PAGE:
I'm trying to improve my ability to move around inside files in vim, especially using built-in mappings/commands. I edit a lot of different types, including shell, markdown, Python, etc. I'm familiar with the { and } keys, which move between paragraphs (in fact, anything with a blank lines separating them, which is useful even when writing code), as well as other keys of course.

However, I'm reading about the [[, [], ][, and ]] keys, which seem designed for moving between 'sections'. However, reading about sections in the vim documentation doesn't really help much; it seems to be written in terms of 'nroff', which I'm vaguely familiar with but isn't a file format I really know much about, or use. None of the filetypes I deal with seem to recognise those mappings/keys.

This makes me think that it would be useful to repurpose/rebind them. However, is there some non-nroff-specific meaning to a section? If so, how do I exploit/use it/turn it on?


2 Answers 2


The initial usage of these mapping is to navigate between functions in C files as said in :h section (note it's not the same topic as :h 'sections' that you linked in your question)

The "]" and "[" commands stop at the '{' or '}' in the first column.  This is
useful to find the start or end of a function in a C program.

So this is the definition of the section as Vim understands it: An arbitrary number of lines delimited by curvy brackets on the first column of a line.

Note that it is only if the curvy bracket characters are on the first column like in this code:

int main()
   printf("Hello, World!");
   return 0;

If your code doesn't follow this convention the help advises to remap the keys so that they look for curvy brackets anywhere in the line:

If your '{' or '}' are not in the first column, and you would like to use "[["
and "]]" anyway, try these mappings: 

   :map [[ ?{<CR>w99[{
   :map ][ /}<CR>b99]}
   :map ]] j0[[%/{<CR>
   :map [] k$][%?}<CR>

This is better but not ideal so it is sometimes a good idea to remap them to achieve the same purpose (e.g. navigate between functions) but for different filetypes. An example is in the standard vim ftplugin shipped with vim and neovim:

nnoremap <silent><buffer> [[ m':call search('^\s*fu\%[nction]\>', "bW")<CR>
vnoremap <silent><buffer> [[ m':<C-U>exe "normal! gv"<Bar>call search('^\s*fu\%[nction]\>', "bW")<CR>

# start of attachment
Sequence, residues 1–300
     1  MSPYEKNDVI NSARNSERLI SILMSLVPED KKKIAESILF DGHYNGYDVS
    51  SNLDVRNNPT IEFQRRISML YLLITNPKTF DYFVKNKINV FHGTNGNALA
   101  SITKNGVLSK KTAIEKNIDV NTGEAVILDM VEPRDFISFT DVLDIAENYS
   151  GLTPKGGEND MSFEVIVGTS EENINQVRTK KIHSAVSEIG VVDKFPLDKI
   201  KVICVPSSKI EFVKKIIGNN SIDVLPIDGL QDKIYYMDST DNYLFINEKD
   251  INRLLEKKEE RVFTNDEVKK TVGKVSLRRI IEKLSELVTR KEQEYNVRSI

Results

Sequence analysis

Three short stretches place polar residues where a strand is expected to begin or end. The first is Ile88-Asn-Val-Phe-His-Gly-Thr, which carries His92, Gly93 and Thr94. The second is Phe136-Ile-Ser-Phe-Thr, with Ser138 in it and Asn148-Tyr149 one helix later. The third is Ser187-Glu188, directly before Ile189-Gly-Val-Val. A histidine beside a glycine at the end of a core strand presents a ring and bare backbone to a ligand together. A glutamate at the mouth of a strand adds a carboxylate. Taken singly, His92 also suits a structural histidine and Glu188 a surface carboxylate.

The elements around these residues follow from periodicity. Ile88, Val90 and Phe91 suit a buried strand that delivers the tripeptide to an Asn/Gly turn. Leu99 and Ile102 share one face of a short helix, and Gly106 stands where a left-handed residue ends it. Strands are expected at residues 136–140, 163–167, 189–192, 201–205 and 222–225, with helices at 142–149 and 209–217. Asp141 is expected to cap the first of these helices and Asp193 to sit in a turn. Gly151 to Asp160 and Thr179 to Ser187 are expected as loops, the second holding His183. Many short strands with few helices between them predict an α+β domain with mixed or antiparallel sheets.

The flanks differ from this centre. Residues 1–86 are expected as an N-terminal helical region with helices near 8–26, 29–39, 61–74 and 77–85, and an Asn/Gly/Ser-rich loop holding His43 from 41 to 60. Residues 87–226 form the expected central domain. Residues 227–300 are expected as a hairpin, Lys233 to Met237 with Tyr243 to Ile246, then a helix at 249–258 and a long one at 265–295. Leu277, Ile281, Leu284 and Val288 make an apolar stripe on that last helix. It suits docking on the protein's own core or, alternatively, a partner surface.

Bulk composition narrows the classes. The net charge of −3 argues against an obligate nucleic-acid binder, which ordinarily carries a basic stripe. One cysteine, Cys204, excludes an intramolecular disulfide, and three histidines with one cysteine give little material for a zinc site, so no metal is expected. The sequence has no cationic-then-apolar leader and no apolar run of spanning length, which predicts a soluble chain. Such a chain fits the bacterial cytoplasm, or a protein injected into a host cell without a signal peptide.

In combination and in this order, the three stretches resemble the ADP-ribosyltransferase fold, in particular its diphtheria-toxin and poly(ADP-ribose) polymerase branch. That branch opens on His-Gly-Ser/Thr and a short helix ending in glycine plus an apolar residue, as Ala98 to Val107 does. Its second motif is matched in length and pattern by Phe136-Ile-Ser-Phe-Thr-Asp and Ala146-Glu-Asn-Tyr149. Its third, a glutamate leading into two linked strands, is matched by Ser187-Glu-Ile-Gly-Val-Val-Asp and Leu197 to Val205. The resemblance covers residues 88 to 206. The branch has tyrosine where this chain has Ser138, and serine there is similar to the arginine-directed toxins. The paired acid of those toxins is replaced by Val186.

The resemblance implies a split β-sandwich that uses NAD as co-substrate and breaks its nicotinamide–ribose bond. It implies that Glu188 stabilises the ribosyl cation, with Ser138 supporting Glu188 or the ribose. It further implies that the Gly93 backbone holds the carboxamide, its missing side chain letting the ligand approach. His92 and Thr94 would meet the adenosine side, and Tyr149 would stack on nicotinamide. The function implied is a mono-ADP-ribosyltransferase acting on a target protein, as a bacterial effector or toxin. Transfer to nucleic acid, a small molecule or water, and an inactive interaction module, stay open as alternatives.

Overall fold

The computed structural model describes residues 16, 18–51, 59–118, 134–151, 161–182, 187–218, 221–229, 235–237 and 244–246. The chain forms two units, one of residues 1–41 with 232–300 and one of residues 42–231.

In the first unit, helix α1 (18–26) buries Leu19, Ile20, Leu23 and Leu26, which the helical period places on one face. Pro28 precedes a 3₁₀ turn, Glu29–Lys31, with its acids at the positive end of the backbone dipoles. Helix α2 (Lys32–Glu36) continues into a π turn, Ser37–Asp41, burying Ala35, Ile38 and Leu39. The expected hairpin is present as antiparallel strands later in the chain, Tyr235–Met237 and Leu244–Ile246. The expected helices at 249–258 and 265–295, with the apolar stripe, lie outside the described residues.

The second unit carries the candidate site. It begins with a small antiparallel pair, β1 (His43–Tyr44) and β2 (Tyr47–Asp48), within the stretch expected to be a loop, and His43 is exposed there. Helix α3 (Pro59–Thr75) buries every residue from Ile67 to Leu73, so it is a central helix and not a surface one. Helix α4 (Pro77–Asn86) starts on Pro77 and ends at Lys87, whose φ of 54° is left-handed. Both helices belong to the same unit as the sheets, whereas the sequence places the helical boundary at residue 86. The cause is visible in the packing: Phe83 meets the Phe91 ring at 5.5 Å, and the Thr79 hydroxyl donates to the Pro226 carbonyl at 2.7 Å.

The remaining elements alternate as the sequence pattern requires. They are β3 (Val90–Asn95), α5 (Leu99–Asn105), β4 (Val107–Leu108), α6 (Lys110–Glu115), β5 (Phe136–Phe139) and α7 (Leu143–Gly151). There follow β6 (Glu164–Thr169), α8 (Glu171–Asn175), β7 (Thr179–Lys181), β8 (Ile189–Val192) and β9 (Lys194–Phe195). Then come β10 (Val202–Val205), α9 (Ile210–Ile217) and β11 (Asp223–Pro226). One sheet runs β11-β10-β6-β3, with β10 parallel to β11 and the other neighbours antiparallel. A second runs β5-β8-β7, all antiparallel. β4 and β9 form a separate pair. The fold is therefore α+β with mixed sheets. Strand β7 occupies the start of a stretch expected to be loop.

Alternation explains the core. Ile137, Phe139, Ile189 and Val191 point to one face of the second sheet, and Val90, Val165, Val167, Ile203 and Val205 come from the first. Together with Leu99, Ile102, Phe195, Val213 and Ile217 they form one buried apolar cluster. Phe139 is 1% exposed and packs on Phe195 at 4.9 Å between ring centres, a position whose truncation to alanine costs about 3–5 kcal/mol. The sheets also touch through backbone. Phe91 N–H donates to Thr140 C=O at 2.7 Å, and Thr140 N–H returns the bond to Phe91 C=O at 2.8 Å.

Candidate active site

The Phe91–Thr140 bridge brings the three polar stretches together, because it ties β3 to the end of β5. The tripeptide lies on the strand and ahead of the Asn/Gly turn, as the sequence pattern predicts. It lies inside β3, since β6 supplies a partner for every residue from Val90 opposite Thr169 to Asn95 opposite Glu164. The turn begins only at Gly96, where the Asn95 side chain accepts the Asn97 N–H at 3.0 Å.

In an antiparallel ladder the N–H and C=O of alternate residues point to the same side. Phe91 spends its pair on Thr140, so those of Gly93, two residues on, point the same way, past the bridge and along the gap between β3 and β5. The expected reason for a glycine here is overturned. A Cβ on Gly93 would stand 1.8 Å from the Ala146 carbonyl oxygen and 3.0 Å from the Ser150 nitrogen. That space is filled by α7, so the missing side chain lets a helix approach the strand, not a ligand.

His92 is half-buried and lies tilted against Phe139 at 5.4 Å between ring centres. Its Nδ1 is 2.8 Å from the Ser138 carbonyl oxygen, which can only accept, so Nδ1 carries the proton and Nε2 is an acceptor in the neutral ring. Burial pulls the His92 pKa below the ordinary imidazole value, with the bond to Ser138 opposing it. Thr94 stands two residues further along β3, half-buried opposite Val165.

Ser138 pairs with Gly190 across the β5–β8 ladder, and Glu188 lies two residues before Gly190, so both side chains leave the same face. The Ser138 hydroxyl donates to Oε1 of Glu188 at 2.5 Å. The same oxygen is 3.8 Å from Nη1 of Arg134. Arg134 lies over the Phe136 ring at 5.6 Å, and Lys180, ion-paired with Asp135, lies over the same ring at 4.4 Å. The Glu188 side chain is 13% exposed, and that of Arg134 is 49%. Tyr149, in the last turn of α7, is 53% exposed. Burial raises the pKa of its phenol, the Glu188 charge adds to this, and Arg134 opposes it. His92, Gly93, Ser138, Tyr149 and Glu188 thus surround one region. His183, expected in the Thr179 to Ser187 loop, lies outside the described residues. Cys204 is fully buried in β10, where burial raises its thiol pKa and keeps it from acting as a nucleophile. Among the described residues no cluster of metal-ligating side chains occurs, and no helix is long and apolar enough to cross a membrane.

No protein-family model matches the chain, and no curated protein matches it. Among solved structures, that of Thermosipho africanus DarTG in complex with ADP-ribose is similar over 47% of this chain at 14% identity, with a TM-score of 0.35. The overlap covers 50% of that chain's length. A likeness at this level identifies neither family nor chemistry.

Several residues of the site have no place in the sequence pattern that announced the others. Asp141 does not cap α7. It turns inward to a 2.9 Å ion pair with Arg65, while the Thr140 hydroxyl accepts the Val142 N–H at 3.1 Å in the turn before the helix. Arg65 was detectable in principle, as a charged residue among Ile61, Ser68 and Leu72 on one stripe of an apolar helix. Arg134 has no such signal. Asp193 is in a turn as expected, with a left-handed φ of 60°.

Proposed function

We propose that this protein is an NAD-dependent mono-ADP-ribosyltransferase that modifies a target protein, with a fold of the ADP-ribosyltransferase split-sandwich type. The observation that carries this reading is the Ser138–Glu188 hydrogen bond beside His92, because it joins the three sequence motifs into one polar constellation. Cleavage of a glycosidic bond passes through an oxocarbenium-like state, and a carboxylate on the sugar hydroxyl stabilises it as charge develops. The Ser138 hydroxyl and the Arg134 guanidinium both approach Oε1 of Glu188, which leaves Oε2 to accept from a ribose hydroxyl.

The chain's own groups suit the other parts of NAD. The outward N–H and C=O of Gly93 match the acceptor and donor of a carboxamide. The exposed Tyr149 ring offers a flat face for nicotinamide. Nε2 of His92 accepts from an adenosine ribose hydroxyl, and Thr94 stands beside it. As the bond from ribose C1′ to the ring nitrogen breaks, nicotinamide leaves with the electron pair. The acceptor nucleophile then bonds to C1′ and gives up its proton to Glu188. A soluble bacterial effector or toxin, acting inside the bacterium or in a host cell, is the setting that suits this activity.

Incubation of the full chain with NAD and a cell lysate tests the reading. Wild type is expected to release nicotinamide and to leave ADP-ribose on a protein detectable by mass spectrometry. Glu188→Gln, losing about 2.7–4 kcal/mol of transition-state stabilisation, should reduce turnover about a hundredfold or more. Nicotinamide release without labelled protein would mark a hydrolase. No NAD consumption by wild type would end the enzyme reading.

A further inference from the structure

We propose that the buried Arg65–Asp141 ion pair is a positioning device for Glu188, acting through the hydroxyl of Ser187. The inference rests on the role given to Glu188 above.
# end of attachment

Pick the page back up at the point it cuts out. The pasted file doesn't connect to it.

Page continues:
nnoremap <silent><buffer> ]] m':call search('^\s*fu\%[nction]\>', "W")<CR>
vnoremap <silent><buffer> ]] m':<C-U>exe "normal! gv"<Bar>call search('^\s*fu\%[nction]\>', "W")<CR>
nnoremap <silent><buffer> [] m':call search('^\s*endf\%[unction]\>', "bW")<CR>
vnoremap <silent><buffer> [] m':<C-U>exe "normal! gv"<Bar>call search('^\s*endf\%[unction]\>', "bW")<CR>
nnoremap <silent><buffer> ][ m':call search('^\s*endf\%[unction]\>', "W")<CR>
vnoremap <silent><buffer> ][ m':<C-U>exe "normal! gv"<Bar>call search('^\s*endf\%[unction]\>', "W")<CR>

In any buffer with a filetype vim the mappings will navigate through the function thanks to searches based on the keywords function and endfunction (and their short version).

Several other plugins do this but you can also do it by yourself for your favorite filetypes.

After a quick search in the standard runtime files I found that Vim remaps these keys for the following filetypes:

  • abaqus
  • cobol
  • context
  • eiffel
  • hamster
  • j
  • mf
  • mp
  • python
  • ruby
  • rust
  • vim
  • zimbu
  • 3
    Hm i thought only [{ and friends handled curly braces. [[ also seemed more for .SH macros in nroff. Learned something today.
    – D. Ben Knoble
    Jun 4, 2020 at 20:00
  • This is great, thanks, much clearer! This is very helpful. Probably worth pointing out that [ and ] are not commands, though, as that help page says. [[ and ]] are the actual keymappings. [ and ] are prefix keys for a family of keybindings, where [ and ] move by sections. Jun 5, 2020 at 20:15
  • 4
    I wrote a little plugin to map [[/]] for a bunch of filetypes (and also make it behave more consistent) which may be of interest @AndrewFerrier Jun 6, 2020 at 1:25
  • @MartinTournoij thanks, that looks great! Jun 7, 2020 at 10:02
  • @AndrewFerrier While you are at it, you may also have a look at gbgar/pandoc-sections.vim (not me!) for some more inspiration. It provides i]] i][ a]] a][ I][ and A][. The plugin is currently not being maintained. Oct 12, 2020 at 11:40

The accepted answer by statox already covers what these days must be the main use case for ]] and [[: jumping to lines that start with a curly brace character.

I thought I'd just clarify the rest of their behaviour, which is described in :help section.

It's actually simpler than you might be presuming. You don't really need to know anything about nroff markup* to understand it: it just means that ]] and [[ will jump to any lines that start with a dot followed by any of the pairs of characters in the 'sections' option. Try pasting the following into a buffer and using ]] and [[:

.SH The
.NH cursor
.H stops
.HU here,
.nh here,
.XX here if you :set sections+=XX
.sh and here.

The commands will also stop at a line that begins with a CTRL-L character. This is slightly harder to include in an answer, but you can add such a line to your buffer by typing oCtrl-VCtrl-LEsc, starting from normal mode.

This last one is probably the only part of the above that isn't nroff-specific: I've seen CTRL-L characters used to divide C/C++ files into sections, and this character also appears to be ignored by the Python interpreters I have installed. I suspect it's safe to use it for this purpose in a fair number of file formats.

* nroff is a text-formatting program which is used for writing man pages. It takes marked-up text as input and outputs formatted text. You can think of an "nroff macro" as being similar to an HTML tag.

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